Firebird Documentation IndexFirebird 2.5 Language Ref. UpdatePSQL statements → DECLARE
Firebird Home Firebird Home Prev: CLOSE cursorFirebird Documentation IndexUp: PSQL statementsNext: EXCEPTION

DECLARE

DECLARE ... CURSOR
DECLARE [VARIABLE] with initialization
DECLARE with DOMAIN instead of datatype
TYPE OF COLUMN in variable declaration
COLLATE in variable declaration
NOT NULL in variable declaration

Available in: PSQL

Description: Declares a PSQL local variable.

Syntax: 

DECLARE [VARIABLE] varname <var_spec>;

<var_spec>  ::=  <type> [NOT NULL] [<coll>] [<default>]
                   | CURSOR FOR (select-statement)
<type>      ::=  sql_datatype | [TYPE OF] domain | TYPE OF COLUMN rel.col
<coll>      ::=  COLLATE collation
<default>   ::=  {= | DEFAULT} value
  • If sql_datatype is a text type, it may include a character set.

  • Obviously, a COLLATE clause is only allowed with text types.

DECLARE ... CURSOR

Added in: 2.0

Description: Declares a named cursor and binds it to its own SELECT statement. The cursor can later be opened, used to walk the result set, and closed again. Positioned updates and deletes (using WHERE CURRENT OF) are also supported. PSQL cursors are available in triggers, stored procedures and EXECUTE BLOCK statements.

Example: 

execute block
returns (relation char(31), sysflag int)
as
declare cur cursor for 
  (select rdb$relation_name, rdb$system_flag from rdb$relations);
begin
  open cur;
  while (1=1) do
  begin
    fetch cur into relation, sysflag;
    if (row_count = 0) then leave;
    suspend;
  end
  close cur;
end

Notes: 

  • A “FOR UPDATE” clause is allowed in the SELECT statement, but not required for a positioned update or delete to succeed.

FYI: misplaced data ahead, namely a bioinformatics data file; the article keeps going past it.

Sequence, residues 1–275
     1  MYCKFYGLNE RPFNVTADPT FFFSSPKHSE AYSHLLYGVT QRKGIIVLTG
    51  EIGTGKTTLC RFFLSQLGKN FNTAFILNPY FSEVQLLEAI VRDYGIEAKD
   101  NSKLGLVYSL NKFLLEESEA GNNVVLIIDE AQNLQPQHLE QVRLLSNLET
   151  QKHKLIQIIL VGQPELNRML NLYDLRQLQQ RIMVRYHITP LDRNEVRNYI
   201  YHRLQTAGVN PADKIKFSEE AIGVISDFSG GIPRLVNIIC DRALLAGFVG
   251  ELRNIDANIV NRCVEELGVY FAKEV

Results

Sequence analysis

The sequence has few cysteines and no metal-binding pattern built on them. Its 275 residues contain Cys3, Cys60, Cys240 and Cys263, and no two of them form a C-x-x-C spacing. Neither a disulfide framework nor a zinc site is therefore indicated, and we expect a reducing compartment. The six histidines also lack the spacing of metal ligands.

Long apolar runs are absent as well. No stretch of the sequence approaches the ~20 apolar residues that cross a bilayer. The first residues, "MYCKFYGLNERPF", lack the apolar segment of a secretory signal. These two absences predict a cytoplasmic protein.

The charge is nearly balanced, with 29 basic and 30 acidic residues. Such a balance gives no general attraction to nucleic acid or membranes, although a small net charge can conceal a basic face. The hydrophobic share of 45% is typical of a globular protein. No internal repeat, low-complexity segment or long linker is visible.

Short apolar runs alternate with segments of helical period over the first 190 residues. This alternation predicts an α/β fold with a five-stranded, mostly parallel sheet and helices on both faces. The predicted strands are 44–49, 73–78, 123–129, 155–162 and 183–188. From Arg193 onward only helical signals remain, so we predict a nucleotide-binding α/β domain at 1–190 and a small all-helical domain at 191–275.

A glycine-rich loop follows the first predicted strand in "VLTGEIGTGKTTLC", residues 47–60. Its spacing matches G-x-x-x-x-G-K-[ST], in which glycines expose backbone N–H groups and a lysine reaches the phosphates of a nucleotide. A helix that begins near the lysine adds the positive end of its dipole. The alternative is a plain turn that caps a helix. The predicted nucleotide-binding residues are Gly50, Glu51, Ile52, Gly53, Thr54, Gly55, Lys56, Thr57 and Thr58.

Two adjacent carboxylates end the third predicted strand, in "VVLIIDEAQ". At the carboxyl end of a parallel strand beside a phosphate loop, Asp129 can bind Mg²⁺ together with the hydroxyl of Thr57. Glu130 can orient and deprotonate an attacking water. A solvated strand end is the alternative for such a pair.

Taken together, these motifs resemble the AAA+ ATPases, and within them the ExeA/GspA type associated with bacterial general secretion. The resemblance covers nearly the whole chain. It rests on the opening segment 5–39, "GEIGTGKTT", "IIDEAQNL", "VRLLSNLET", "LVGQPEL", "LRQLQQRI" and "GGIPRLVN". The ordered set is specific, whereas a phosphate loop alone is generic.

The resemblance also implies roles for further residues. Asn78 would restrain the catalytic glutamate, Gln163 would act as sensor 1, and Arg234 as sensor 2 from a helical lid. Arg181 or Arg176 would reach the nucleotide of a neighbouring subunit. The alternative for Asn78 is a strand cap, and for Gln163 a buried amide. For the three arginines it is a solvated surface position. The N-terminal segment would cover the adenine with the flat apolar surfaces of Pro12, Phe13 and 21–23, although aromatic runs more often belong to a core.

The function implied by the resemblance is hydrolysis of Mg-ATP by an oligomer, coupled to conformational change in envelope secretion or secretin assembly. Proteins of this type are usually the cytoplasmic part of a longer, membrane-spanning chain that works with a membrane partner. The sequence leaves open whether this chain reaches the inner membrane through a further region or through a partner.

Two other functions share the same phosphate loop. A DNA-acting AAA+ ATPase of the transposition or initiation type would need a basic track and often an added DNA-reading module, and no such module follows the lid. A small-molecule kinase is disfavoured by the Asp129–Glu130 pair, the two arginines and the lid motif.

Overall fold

• Make sure that declared cursor names do not clash with any names defined later on in AS CURSOR clauses.

  • If you need a cursor to loop through an output set, it is almost always easier – and less error-prone – to use a FOR SELECT statement with an AS CURSOR clause. Declared cursors must be explicitly opened, fetched from, and closed. Furthermore, you need to check row_count after every fetch and break out of the loop if it is zero. AS CURSOR takes care of all of that automagically. However, declared cursors give you more control over the sequence of events, and allow you to operate several cursors in parallel.

  • The SELECT statement may contain named SQL parameters, like in “select name || :sfx from names where number = :num”. Each parameter must be a PSQL variable that has been declared previously (this includes any in/out params of the PSQL module). When the cursor is opened, the parameter is assigned the current value of the variable.

  • Caution! If the value of a PSQL variable that is used in the SELECT statement changes during execution of the loop, the statement may (but will not always) be re-evaluated for the remaining rows. In general, this situation should be avoided. If you really need this behaviour, test your code thoroughly and make sure you know how variable changes affect the outcome. Also be advised that the behaviour may depend on the query plan, in particular the use of indices. As it is currently not strictly defined, it may change in some future version of Firebird.

See also: OPEN cursor, FETCH cursor, CLOSE cursor

DECLARE [VARIABLE] with initialization

Changed in: 1.5

Description: In Firebird 1.5 and above, a PSQL local variable can be initialized upon declaration. The VARIABLE keyword has become optional.

Example: 

create procedure proccie (a int)
returns (b int)
as
  declare p int;